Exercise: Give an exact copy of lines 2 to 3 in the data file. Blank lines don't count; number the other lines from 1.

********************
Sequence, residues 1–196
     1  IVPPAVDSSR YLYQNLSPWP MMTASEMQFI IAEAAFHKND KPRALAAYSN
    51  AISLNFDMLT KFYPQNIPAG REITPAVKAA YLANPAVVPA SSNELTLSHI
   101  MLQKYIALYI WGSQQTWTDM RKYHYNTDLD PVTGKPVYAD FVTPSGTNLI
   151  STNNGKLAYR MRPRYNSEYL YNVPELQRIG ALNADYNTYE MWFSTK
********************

     1  IVPPAVDSSR YLYQNLSPWP MMTASEMQFI IAEAAFHKND KPRALAAYSN
    51  AISLNFDMLT KFYPQNIPAG REITPAVKAA YLANPAVVPA SSNELTLSHI